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“Dave has been a mentor to me for years,” says Frangione, who has appeared in many of Mamet’s films and plays. “I first met him when he lived in Boston and I was running the Stage Company of Boston back in the ’80s.”

“Jim and I have worked together in every media,” wrote Mamet, “including the mounting, some 30 years ago of ‘Sketches of War,’ at the Colonial [Theatre in Boston], a benefit for the establishment of the New England Shelter for Homeless Veterans, in which production [Jim] was instrumental.”

The one-night-only event in 1988 included such stars as Al Pacino, Christopher Walken, Michael J. Fox, William H. Macy, and many others reciting poems and scenes from plays around the theme of soldiers and veterans.

“The Christopher Boy’s Communion” focuses on a much more intimate story of a mother who goes to extreme lengths to prevent her son from going to jail for a brutal murder. Set in the apartment of a wealthy Catholic couple, the mother confronts several people to enlist their help defending her son.

When asked if this character’s single-minded determination made her unsympathetic, Mamet said, “I don’t know that she’s not sympathetic. I think if we polled our acquaintances, we would find, I believe, that most have sold (or in the case of Jews, ‘leased’) their souls to the devil.”

Mamet’s interest in characters who bargain with the devil, or struggle to conform to society’s sense of morality, recurs in nearly all his work, with his Faustian characters placed in different settings. Best known for his staccato dialogue, Mamet hews closely to Aristotle’s “Poetics” for the shape of his plays. Mamet says Aristotle “(real name Abromowitz) is the guide to dramatic structure. One may avoid his dicta under various heads, including Invention, desecration, and laziness, but one does so at one’s peril.”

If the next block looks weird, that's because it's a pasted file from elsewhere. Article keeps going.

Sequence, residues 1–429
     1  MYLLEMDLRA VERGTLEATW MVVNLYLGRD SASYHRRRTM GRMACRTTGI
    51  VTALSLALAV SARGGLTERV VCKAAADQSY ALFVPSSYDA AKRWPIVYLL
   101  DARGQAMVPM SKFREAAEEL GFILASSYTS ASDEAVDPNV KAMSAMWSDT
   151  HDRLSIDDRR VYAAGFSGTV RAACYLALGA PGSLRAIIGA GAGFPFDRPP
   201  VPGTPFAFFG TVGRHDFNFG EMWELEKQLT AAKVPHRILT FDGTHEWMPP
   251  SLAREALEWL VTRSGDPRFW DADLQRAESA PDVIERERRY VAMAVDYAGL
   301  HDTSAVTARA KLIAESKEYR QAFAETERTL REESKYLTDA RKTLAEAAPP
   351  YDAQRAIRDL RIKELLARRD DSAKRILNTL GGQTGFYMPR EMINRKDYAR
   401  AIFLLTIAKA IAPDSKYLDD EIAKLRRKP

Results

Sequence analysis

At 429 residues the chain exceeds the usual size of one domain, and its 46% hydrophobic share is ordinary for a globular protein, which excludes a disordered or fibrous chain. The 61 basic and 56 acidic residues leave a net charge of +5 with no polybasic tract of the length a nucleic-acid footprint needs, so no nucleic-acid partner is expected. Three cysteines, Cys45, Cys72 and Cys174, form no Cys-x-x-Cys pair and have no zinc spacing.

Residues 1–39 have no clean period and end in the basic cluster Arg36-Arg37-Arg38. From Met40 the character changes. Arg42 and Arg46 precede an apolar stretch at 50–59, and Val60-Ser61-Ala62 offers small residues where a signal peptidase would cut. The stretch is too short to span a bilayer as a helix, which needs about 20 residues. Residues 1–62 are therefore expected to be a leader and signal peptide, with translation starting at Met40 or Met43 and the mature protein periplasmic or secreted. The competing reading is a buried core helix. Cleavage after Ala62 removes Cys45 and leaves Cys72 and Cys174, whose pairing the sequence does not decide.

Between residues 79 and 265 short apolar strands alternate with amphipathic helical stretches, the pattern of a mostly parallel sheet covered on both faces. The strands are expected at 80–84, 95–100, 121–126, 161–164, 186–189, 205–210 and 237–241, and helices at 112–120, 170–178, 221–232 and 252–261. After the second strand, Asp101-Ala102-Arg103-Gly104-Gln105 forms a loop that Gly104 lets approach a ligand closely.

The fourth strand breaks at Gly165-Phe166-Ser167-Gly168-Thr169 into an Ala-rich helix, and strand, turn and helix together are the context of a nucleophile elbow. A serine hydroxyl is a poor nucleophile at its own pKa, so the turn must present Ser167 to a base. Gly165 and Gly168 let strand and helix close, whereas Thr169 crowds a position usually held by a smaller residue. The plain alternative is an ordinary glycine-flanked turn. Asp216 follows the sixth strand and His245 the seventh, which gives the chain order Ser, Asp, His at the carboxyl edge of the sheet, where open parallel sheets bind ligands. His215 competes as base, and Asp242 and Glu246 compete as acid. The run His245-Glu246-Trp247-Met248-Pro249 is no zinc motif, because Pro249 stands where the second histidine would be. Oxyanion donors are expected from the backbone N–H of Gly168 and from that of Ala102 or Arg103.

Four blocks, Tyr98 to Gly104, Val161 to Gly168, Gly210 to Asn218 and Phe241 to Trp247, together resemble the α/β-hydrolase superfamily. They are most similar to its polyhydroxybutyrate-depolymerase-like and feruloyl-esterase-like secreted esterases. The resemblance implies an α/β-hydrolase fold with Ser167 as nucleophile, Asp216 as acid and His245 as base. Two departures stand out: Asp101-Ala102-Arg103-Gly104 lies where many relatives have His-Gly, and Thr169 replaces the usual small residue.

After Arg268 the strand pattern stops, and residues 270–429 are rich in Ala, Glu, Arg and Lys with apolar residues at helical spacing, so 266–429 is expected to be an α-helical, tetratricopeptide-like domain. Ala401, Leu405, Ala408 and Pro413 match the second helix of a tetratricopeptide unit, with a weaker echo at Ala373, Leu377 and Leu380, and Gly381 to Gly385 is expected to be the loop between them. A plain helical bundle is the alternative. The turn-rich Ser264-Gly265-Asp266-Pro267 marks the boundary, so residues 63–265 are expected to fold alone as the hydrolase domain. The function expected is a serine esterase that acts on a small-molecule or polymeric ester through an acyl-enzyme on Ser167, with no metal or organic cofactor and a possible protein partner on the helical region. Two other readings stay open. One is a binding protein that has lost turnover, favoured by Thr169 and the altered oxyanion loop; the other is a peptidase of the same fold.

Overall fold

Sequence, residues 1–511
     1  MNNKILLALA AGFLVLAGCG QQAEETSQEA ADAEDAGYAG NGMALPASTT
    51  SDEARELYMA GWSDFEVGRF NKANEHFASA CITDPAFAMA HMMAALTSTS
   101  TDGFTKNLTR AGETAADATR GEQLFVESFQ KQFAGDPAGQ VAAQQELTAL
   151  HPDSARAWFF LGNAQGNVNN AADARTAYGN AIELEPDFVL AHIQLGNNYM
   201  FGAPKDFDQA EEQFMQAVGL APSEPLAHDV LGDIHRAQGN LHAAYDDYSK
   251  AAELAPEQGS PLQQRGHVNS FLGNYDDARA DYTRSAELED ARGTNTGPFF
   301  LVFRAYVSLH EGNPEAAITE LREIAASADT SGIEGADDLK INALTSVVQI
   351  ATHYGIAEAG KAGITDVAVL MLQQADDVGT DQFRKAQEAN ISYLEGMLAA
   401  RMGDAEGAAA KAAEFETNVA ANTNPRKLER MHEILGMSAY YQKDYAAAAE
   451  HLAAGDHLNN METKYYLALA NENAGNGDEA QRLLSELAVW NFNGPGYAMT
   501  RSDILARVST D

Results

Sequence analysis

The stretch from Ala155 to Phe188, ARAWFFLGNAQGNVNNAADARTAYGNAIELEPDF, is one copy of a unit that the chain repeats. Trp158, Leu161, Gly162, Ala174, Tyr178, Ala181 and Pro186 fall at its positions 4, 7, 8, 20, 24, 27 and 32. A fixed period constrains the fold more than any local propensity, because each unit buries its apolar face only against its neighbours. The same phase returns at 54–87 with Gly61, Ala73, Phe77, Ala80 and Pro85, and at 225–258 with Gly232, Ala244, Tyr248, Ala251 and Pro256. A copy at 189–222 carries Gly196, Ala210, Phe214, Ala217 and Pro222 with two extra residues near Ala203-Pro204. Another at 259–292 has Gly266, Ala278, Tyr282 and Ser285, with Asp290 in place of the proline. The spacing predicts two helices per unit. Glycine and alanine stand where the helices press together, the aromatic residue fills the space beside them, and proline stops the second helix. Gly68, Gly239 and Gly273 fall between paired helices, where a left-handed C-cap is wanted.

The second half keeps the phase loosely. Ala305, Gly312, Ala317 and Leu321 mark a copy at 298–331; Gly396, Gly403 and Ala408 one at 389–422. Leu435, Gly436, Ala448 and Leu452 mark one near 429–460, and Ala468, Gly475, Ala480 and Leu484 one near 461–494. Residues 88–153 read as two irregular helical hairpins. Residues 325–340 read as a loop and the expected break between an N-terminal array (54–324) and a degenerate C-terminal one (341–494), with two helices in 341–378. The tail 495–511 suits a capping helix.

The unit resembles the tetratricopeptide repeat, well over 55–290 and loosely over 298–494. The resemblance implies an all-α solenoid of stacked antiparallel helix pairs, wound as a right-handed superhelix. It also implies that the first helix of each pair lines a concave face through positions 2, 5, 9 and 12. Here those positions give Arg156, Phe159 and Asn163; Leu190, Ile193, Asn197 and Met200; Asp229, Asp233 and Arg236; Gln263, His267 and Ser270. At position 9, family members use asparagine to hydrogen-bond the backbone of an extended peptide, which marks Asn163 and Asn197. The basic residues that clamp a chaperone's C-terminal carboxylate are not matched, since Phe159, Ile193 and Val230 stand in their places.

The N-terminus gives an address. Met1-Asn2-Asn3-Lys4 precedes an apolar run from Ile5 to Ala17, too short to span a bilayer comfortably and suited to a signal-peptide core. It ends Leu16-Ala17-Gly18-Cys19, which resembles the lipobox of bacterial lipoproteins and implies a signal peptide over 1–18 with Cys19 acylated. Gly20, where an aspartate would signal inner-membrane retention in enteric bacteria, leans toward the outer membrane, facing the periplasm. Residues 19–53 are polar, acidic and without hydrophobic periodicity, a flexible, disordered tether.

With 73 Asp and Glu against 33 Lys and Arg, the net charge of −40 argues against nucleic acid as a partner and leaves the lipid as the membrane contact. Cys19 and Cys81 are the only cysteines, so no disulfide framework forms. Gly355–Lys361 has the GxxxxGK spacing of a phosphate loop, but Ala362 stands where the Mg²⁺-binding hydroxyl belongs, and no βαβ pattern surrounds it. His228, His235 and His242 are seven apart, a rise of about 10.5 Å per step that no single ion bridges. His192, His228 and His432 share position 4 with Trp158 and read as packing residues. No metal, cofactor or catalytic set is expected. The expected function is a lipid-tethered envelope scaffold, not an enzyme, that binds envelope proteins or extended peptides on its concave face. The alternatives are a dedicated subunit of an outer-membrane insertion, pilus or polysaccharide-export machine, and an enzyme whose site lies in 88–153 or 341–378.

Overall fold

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On your feet for ’Romeo and Juliet’

Apollinaire Theatre Company, whose free outdoor productions in Chelsea’s PORT Park have been summer must-sees, is taking its show to the streets this year for three performances Aug. 14, 21, and 28.

“Romeo and Juliet,” Shakespeare’s classic tale of family rivalries and star-crossed lovers, will be staged in the streets and parks, by the fountain in Chelsea Square, and in the windows of the Chelsea Theatre Works. The audience will move around with the cast of 25 in a production that is not only immersive but bilingual (English/Spanish), in a production mounted in partnership with Teatro Chelsea and the City of Chelsea.